The Bank of England reported mortgage approvals for house purchases eased back to 64,212 from 66,100 in July and 66,923 in June. These figures were released after Friday's reports showing a slowdown in September. New rules implemented by the Bank of England mean lenders are to be prevented from allocating more than 15% of new residential mortgages to individuals borrowing four and a half times their income or greater.
Policy makers have acknowledged the limit will only have an impact if house prices rise more than 20% between now and early 2017.The property market also appears to be giving some hope to first time buyers with house price growth slowing in September. The nationwide house price index fell 0.2% from August to September, this figure marked the first monthly fall in the index for 17 months. It seems banks tighter lending criteria and the prospect of an interest rate rises dampening demand. In the US last week consumer confidence hit a four month low.
The Confidence Board’s monthly survey of morale dipped to 86.0 from 93.4 in August with Consumers saying they were more worried about job prospects and likely future economic conditions.However better news in the labour market for the US, with the private sector adding 213,000 new jobs last month; this was slightly ahead of expectations.
The number of Americans filing applications for unemployment benefits unexpectedly fell last week; a sign the job market is sustaining progress. Jobless claims dropped by 8,000 to 287,000 in the week ended September 27th, from a revised 295,000 in the prior period.Firings are hovering close to decade lows as employers benefiting from rising demand to retain staff, laying the ground for more hiring and wage gains.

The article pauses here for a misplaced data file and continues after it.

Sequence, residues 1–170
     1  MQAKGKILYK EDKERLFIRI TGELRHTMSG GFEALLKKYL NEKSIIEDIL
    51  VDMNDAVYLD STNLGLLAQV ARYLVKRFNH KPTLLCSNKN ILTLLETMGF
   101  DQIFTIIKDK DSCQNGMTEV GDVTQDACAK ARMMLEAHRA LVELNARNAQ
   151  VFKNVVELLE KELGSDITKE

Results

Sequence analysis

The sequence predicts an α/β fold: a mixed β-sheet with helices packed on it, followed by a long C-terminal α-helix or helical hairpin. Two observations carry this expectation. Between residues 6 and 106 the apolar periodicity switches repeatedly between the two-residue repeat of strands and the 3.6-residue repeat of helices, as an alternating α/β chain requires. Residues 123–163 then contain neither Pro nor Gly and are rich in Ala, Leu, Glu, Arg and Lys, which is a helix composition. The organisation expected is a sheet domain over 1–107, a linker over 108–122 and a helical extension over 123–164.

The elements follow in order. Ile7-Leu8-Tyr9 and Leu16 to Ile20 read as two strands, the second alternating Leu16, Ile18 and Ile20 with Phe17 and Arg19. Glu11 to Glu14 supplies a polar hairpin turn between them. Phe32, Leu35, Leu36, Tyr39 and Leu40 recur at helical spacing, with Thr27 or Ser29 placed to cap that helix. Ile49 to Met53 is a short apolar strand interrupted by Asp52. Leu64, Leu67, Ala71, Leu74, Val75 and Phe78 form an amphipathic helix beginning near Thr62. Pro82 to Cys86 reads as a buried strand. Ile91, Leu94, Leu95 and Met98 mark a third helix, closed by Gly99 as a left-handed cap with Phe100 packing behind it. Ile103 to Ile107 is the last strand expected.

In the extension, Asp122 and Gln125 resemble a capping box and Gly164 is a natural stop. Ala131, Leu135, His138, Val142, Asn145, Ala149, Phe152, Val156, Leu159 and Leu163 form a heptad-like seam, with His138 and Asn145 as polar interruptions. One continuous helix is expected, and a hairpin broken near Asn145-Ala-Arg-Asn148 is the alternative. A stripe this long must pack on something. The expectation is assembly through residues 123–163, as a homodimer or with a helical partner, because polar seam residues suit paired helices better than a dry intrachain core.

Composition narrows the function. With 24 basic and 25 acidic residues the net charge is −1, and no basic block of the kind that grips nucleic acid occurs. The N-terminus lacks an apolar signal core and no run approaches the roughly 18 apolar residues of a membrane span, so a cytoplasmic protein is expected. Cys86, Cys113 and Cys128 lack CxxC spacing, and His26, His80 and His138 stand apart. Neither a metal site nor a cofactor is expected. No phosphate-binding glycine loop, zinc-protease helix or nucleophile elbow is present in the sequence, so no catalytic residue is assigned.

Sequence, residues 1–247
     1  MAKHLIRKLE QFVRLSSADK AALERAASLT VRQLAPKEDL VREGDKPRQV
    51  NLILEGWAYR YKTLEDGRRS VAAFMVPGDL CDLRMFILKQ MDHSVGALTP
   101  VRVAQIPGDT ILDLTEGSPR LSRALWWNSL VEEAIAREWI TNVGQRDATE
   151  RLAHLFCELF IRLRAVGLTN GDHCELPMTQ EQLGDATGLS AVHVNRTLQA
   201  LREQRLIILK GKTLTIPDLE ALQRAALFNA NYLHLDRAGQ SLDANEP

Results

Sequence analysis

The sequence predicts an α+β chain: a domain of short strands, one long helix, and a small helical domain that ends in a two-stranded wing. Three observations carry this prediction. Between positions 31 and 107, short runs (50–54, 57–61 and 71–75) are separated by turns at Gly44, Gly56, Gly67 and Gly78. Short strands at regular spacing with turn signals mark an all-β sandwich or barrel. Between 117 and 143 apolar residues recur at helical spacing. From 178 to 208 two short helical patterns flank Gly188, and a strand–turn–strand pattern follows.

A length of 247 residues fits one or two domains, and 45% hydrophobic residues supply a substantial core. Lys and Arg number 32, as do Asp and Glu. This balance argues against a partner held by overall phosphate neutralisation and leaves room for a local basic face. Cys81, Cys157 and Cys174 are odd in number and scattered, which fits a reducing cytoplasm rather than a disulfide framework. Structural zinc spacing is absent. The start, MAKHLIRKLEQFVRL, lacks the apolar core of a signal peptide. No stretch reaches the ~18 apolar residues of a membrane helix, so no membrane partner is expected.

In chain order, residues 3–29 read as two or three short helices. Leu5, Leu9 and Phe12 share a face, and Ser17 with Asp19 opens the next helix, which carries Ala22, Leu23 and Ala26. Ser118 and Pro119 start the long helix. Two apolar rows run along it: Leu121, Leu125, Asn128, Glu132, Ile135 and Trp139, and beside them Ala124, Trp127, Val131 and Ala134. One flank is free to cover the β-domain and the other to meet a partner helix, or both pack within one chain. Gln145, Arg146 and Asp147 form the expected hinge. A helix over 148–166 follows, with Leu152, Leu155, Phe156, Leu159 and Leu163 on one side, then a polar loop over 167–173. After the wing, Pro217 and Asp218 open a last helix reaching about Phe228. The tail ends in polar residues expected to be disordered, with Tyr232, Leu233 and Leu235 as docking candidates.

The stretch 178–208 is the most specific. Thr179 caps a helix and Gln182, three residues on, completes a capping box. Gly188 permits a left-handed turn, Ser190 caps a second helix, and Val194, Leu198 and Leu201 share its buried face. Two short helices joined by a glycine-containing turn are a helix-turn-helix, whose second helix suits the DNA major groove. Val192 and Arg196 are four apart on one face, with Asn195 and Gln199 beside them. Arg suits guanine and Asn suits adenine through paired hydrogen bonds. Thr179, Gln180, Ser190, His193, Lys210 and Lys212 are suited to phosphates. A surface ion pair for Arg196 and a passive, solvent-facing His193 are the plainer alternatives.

A report today is projected to show employers added to payrolls in September and the jobless rate held at a six-year low.The Dollar strengthened on Friday after the much anticipated nonfarm payroll employment figure increased by 248,000 in September and the unemployment rate declined to 5.9 percent. Employment increased in professional and business services, retail trade and health care giving a welcome boost to the economy. The report also showed that average hourly earnings were stagnant in September from a month earlier, while the participation rate, which measures the number of Americans employed or looking for a job as a share of the working-age population, decreased to 62.7 percent, the lowest since February 1978, from 62.8 percent a month before.
Germanys unemployment rate unexpectedly rose for a second month as seasonal factors combined with economic risks from the Ukraine crisis to a faltering euro-area recovery contributed to a poor jobless figure. The number of people out of work climbed a seasonally adjusted 12,000 to 2.92 million in September Economists forecast a decline of 2,000. While this is a disappointing figure the jobless rate was unchanged at 6.7 percent, the lowest level in more than two decades.
Pressure continues to mounting on the European Central Bank to take fresh action after inflation in the euro area fell to just 0.3% this month, and core inflation weakened to 0.7%. Off the back of this the euro fell to fresh two-year lows against both the US dollar and the pound, as the market anticipates more easing from the ECBUnemployment remained unchanged at 11.5 across the single currency region, while slightly better than the 12% set last year the figure is still far to high. There are sharp differences between Member States The lowest unemployment rates were recorded in Austria (4.7%) and Germany (4.9%), according to Eurostat’s methodology and the highest in Greece (27.0% in June 2014) and Spain (24.4%).